After the latest meeting of the Federal Open Market Committee, the Federal Reserve reiterated its pledge to keep  the target range for the Federal Funds Rate at 0 to ¼% “…until labor market conditions have reached levels consistent with the Committee’s assessments of maximum employment and inflation has risen to 2 percent and is on track to moderately exceed 2 percent for some time.” The Fed’s commitment to low interest rates provides an incentive for more carry trade activities, and these are appearing. Special Purpose Acquisition Company (SPACS), for example, are pools of money that are established to purchase privately-held firms and take them public, profiting from the IPO price. The SPACS investors do not know which company will be acquired or when, and they may not realize a return for years. But they are providing liquidity, and at minimal cost due to the Federal Reserve’s interest rate policy.

Lee, Lee and Coldiron convincingly demonstrate that the carry trade has contributed to the financialization of the economy, which has grave and disturbing implications. As the subtitle of the book indicates, the suppression of volatility leads to lower growth and recurring crises. When a vaccine for the coronavirus is available, there will undoubtedly be a burst of financial activity that will prepare the way for the next crisis. We will not be able to say that we were never warned.

An interview with the authors is available on the podcast Hidden Forces.

2019    Branko Milanovic, Capitalism Alone: the Future of the System That Rules the World

2018    Adam Tooze,  Crashed: How a Decade of Financial Crises Changed the World

2017    Stephen D. King, Grave New World: The End of Globalization, the Return of History

2016    Branko Milanovic, Global Inequality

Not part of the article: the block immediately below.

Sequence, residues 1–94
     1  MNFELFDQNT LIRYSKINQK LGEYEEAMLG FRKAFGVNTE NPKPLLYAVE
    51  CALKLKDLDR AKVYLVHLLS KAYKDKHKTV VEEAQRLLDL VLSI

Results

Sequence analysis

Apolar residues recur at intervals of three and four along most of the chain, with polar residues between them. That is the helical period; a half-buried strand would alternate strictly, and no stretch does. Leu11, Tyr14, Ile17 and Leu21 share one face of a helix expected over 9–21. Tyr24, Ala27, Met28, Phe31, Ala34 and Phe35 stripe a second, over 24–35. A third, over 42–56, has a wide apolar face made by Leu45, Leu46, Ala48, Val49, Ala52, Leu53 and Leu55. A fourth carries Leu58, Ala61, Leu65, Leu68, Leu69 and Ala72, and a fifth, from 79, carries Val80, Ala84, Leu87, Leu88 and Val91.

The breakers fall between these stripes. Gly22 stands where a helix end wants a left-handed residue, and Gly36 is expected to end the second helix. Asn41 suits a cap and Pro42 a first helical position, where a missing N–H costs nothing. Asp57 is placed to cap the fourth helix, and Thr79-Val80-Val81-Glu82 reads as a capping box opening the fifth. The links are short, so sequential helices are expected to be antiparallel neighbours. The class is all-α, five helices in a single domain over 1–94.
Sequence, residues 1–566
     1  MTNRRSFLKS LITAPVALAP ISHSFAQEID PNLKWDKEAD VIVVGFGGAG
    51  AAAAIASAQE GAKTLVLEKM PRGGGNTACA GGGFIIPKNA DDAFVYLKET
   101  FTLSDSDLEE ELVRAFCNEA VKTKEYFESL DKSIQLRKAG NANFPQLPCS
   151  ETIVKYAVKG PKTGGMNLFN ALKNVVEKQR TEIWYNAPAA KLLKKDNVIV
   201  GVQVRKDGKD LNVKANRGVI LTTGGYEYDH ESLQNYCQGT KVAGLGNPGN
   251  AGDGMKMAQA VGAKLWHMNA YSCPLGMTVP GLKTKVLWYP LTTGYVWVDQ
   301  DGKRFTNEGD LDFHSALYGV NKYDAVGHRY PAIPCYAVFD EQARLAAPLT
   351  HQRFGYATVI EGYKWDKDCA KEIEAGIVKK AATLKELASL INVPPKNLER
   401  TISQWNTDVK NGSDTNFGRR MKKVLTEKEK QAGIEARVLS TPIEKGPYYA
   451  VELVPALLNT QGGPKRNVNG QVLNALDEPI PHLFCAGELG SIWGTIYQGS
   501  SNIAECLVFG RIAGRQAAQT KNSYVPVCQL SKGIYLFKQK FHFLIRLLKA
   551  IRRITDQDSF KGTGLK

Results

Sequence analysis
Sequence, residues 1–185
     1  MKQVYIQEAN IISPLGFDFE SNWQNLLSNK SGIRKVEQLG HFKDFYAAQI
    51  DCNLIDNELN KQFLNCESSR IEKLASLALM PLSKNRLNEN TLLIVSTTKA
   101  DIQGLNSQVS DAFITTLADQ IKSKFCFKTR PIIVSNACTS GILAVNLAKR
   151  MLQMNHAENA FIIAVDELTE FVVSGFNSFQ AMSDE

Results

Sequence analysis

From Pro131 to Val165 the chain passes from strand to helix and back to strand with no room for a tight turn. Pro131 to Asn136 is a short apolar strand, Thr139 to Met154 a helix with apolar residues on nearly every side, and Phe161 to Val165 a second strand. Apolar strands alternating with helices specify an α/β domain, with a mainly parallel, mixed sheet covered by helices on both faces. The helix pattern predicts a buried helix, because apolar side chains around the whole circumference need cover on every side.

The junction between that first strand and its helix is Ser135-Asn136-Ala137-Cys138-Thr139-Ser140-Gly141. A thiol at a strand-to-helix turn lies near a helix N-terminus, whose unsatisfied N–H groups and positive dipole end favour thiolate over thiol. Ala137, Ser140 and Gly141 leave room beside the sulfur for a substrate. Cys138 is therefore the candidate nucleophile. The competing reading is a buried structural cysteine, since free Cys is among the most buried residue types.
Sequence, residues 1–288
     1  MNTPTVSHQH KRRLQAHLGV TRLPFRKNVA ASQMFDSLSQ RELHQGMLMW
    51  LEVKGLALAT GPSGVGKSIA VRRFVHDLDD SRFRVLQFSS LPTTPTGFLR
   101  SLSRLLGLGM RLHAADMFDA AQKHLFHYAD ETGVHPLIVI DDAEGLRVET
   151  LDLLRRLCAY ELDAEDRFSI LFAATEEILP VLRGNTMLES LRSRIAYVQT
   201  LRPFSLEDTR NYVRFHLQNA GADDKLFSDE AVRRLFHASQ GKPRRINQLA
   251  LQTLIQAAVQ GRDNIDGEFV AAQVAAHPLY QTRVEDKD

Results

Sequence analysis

2015    Benjamin J. Cohen. Currency Power: Understanding Monetary Rivalry

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17 comments

  1. Upwithfiat

    Since carry transactions are based on borrowing,

    Aren’t banks the source of the lowest interest loans?

    And aren’t bank “loans” not really loans but the creation of new liabilities for fiat?

    And aren’t bank liabilities for fiat largely a sham since, for example, the non-bank private sector may not even use fiat except for grubby coins and small denomination Central Bank Notes? Not to mention the fiat lender/asset buyer of last resort, the Central Bank?

    Then aren’t carry trades subsidized by government in our so-called “free market economy”?

    Reply
    1. PeasantParty

      I haven’t read the specific books listed above, that Yves references but there is one man that I am very fond of. He is an Economic specialist, and has a pod cast where he explains all this financial hocus pocus in terms that even I can understand. It will make you angry when you find out even more of the dirty dealings, but at least you will know. Maybe you can do a little binge watching, and note taking over the weekend. I highly suggest you listen to the work from, John Titus at the link included here.

      Reply
  2. Harry

    “but with perma-ZIRP-induced inflated assets, the fund management business seems healthy, leaving plenty of places to land, at least in the case of garden-variety train wrecks.”

    Fund management is also downsizing. When I lunch with old friends on that side of the business many live in fear of not being able to rent out their excessively large NYC town homes.

    Doesnt help that hedge funds are in such dire straights. They keep removing chairs from the game. Im not surprised El Erian took that wonderful gig at Queen’s College.

    Who is gonna pay him 100mn a year now?

    Reply
  3. ChrisAtRU

    Thanks for this! I’ve always been fascinated by the carry trade. Also interested to know what your quibble is per the definition! ;-)

    Reply
    1. Hickory nut

      Me too. Seems like the authors’ definition just means ‘any leveraged investment’ – where you owe interest+principle back on the funds you invest, and you’re hoping the returns exceed that. “Carry trade” was specific to currencies I thought. Curious about Yves’ understanding.

      Reply
        1. ChrisAtRU

          Found this from NC thirteen years ago: “The Carry Trade Returns”.

          From our dear and esteemed NC founder’s introduction:

          For those new to the term, the “carry trade” in simple terms is when investors borrow in a currency with low interest rates (in this case, the yen) and use the proceeds to make investments in countries where the prevailing interest rates are high (Australia, New Zealand, or for the more conservative, the US).

          The risk is that the currency in which you’ve borrowed appreciates, wiping out the difference between your low borrowing rate and your higher investment return.

          I suspect Yves’ quibble is with the extension of the definition by the authors of this article here: